Macbeth Act 5 Scene 2: ISC Class 12 workbook answers

Macbeth Act 5 Scene 2
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Get notes, workbook solutions, summary, questions and answers, and pdf of the drama/play Macbeth (Act 5 Scene 2) by William Shakespeare, which is part of ISC Class 12 English. However, the notes should only be treated as references, and changes should be made according to the needs of the students.

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This scene takes place near Birnam Wood, where Scottish lords like Menteith, Caithness, Angus, and Lennox, along with their soldiers, have gathered. They have abandoned Macbeth and are now joining forces with Malcolm, Macduff, and the English army to overthrow the tyrannical king.

The lords discuss the situation, revealing that Macbeth is becoming increasingly isolated and paranoid. He has fortified Dunsinane castle and is relying on fear rather than loyalty to maintain control. His guilt and anxiety over his past crimes are taking a toll on his mental state, and some even believe he has gone mad.

Angus points out that Macbeth is now experiencing the consequences of his actions. The murders he committed weigh heavily on his conscience, and rebellions are erupting throughout his kingdom. His authority is crumbling, and he feels like a “dwarfish thief” wearing a stolen robe, highlighting the illegitimacy of his kingship.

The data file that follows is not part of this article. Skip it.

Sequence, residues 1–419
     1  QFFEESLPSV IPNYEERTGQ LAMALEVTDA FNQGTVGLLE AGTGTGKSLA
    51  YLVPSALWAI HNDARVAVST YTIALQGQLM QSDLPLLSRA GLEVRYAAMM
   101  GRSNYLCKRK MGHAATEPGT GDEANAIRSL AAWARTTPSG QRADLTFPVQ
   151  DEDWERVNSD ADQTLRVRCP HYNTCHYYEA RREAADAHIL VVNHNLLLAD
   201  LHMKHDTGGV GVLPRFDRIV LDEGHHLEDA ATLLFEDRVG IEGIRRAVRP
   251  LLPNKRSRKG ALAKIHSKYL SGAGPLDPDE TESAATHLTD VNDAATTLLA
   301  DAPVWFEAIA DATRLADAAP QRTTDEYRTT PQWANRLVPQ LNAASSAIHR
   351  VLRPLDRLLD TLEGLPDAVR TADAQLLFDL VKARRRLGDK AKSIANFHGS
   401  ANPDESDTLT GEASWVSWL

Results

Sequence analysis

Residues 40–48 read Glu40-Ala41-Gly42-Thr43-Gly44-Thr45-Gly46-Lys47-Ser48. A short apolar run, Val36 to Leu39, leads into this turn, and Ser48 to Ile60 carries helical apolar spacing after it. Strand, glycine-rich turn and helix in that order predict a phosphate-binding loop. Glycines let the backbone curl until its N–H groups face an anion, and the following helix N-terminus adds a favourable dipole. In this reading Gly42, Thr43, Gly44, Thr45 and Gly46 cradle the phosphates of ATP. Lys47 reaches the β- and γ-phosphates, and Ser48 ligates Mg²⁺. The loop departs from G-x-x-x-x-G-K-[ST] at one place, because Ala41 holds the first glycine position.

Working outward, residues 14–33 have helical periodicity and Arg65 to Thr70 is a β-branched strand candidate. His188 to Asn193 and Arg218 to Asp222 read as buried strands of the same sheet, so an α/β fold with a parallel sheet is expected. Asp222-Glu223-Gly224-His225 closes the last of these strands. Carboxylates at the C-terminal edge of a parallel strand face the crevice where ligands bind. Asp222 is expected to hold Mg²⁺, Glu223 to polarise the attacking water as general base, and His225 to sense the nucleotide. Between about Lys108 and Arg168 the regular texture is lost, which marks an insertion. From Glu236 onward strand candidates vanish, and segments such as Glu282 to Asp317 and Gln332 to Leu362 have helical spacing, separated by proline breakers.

Menteith acknowledges Macbeth’s internal torment, suggesting that even his own mind is rebelling against him. His senses are “pestered” by guilt and self-condemnation, leading to his erratic behavior.

The lords decide to march towards Birnam Wood to meet with Malcolm, whom they see as the rightful heir and the “medicine” needed to heal their ailing nation. They pledge their loyalty to him and are ready to sacrifice their lives to restore order and justice to Scotland.

The scene concludes with the lords preparing to march towards Birnam Wood, united in their purpose to dethrone the tyrant and restore peace to their land. They are determined to “dew the sovereign flower and drown the weeds,” symbolizing their commitment to supporting the rightful king and eliminating the destructive forces that have plagued their country under Macbeth’s rule.

Workbook answers

Multiple Choice Questions

1. Macbeth’s kingship is like

a. The robe of a giant sitting loosely on the body of a dwarf
b. The robe of a dwarf sitting tightly on the body of a giant
c. The robe of a king being worn by a peasant
d. The robe of a peasant being worn by a king

Answer: a. The robe of a giant sitting loosely on the body of a dwarf

2. Malcolm is the

a. usurper of the throne of Scotland
b. rightful heir of Duncan
c. son of Duncan who indulged in parricide
d. son of the King of England

Answer: b. rightful heir of Duncan

3. The English army decide to march to

a. Dunsinane
b. Birnam
c. Inverness
d. Fife